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Front cover of The Victorian House Book.
A double-page colour photograph taken by James Mortimer forms the frontispiece of The Victorian House Book, showing off the first-floor landing of a Victorian Gothic house renovated and decorated for a client by the interior designer Robin Guild.
In a full-page colour photograph by James Mortimer on pages 8-9 of The Victorian House Book, the conservatory built on to a Victorian Gothic house for a client by the interior designer Robin Guild has been finished with a traditional tessellated tile floor in cream and muted greens
Chapter 1 of The Victorian House Book opens with a full-page colour reproduction of an oil painting of The Hall and Staircase of a Country House by Jonathan Pratt, 1882. The richly patterned carpet, tablecloth and upholstered chairs provide a lavish finish to a High Victorian interior.
In this large colour photograph on pages 18-19 of The Victorian House Book by Robin Guild, an American verandah made in wood and cast iron and painted in light greys and greens creates the impression of an ocean liner’s deck, with complementary furniture.
On pages 22-23 of The Victorian House Book by Robin Guild, a range of architectural styles from Egyptian to neo-Norman are laid out in five colour photographs.
In this style recognition chart on pages 32-33 of The Victorian House Book by Robin Guild, containing paintings by Anne Winterbotham, front elevations of the Mansion Flat and the Arts and Crafts Cottage contrast with Carpenter’s Gothic and the 19th-Century American Town House, each accompanied by a brief description.
On pages 48-49 of The Victorian House Book by Robin Guild, an exploded architectural drawing in colour identifies the major components of a Detached Villa, from timber suspended floors to stone cornices, each labelled with a caption.
A picture essay on the Front Entrance opens with colour photographs of a double-staircase and verandah from Queensland and columned stucco porticos from a grand London square.
Towards the end of the picture essay on the Front Entrance, on pages 68-69 of The Victorian House Book, colour photographs of door furniture, including knockers, letter boxes and bell pulls in brass, bronze and cast iron, illustrate the excellent craftsmanship of Victorian manufacturers.
A picture essay on Roofs and Gables in The Victorian House Book by Robin Guild opens with colour photographs of highly decorated neo-Elizabethan houses in brick and American colonial houses in wood.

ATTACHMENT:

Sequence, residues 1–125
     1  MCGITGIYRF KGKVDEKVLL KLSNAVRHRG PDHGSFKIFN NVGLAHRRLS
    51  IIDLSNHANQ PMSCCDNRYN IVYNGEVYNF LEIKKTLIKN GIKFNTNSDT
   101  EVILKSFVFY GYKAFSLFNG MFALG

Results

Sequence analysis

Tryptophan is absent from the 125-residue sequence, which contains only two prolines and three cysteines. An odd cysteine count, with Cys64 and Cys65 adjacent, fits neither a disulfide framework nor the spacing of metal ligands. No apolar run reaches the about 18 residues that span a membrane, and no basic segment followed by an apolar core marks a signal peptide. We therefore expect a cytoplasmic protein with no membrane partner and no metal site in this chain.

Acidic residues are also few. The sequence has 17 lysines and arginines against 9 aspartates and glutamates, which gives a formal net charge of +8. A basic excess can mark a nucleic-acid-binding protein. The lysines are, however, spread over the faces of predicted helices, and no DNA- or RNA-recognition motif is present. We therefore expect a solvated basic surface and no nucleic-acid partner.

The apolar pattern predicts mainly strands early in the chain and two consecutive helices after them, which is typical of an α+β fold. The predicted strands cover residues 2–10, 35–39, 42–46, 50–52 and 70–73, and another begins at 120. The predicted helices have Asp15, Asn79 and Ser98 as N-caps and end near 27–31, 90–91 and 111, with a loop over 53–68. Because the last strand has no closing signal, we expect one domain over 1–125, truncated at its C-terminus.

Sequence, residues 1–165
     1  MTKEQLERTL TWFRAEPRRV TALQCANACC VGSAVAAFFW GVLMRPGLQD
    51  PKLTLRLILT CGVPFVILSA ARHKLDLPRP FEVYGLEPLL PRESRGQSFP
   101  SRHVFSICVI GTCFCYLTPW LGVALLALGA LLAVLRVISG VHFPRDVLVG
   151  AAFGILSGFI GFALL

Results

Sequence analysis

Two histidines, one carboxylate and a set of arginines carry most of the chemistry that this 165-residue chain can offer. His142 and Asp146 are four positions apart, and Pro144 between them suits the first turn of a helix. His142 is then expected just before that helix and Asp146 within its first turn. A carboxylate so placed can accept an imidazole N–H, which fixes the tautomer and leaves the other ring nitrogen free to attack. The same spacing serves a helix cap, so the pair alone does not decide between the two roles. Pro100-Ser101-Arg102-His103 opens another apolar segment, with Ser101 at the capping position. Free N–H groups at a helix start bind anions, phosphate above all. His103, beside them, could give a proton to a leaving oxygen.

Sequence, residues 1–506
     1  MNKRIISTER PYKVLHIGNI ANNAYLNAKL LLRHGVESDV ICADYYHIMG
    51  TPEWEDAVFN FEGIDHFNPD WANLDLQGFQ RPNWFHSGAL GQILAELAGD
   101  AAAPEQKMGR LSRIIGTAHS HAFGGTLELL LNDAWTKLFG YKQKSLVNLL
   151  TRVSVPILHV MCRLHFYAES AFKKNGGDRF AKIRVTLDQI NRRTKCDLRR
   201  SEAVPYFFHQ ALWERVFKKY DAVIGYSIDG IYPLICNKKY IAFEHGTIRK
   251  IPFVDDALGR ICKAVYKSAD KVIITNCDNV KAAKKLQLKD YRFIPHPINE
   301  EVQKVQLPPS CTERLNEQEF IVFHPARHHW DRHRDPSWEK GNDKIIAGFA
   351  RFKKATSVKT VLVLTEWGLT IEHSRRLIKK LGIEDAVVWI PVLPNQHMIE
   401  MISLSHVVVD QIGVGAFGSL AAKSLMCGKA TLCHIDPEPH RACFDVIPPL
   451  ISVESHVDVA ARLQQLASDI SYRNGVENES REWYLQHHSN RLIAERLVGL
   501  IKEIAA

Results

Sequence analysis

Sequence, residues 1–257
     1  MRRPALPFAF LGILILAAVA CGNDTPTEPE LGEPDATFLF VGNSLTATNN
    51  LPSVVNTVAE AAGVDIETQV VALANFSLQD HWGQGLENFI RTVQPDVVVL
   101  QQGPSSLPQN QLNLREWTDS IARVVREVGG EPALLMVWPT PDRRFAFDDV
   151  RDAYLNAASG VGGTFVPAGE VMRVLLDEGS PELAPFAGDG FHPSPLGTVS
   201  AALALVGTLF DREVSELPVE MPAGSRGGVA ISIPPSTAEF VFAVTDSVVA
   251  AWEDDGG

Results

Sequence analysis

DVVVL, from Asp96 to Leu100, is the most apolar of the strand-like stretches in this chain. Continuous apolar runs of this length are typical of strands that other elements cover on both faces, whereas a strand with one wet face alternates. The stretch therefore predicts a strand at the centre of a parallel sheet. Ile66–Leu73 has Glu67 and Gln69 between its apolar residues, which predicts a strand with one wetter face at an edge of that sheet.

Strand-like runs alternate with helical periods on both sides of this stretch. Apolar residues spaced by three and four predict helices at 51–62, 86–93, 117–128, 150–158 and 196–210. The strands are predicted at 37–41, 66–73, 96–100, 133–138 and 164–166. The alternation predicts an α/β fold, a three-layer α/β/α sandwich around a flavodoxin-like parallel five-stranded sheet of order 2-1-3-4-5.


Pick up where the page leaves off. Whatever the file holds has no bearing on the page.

In a picture essay on Decorative Ironwork, on pages 94-94 of The Victorian House Book by Robin Guild, the white ironwork of a balcony contrasts with the green of Venetian blinds to form a sophisticated composition running across a double-page spread.
A picture essay on Fireplaces, on pages 146-147 of The Victorian House Book by RobinGuild, opens with three colour photographs of grates grand and simple.
A picture essay on Wallpapers on pages 188-189 of The Victorian House Book by Robin Guild opens with a range of geometric patterns in ochre, brown and black and flowing Art Nouveau patterns with more colour ways and floral and ornithological references.
A picture essay on Furniture and Upholstery on pages 204-205 of The Victorian House Book opens with a colour photograph of a spacious drawing room decorated by Robin Guild, a richly upholstered sofa strewn with cushions in the centre.
In a double-page spread from the picture essay on Bathrooms in The Victorian House Book by Robin Guild are four colour photographs and 40 line drawings of traditional fixtures and features.
The chapter on Private Rooms, on pages 252-253 of The Victorian House Book by Robin Guild, opens with a full-page colour photograph of a sumptuous bedroom complete with sofa and occasional table.
Some of the black-and-white 2,000 line drawings in The Victorian House Book by Robin Guild provide references for bedroom furniture, including types of washstands and commodes, beds and wardrobes.
In the Technical Advice section at the end of The Victorian House Book by Robin Guild, the External Survey lists danger points to look out for when buying a house, illustrated by an annotated black-and-white line drawing with close-ups of details.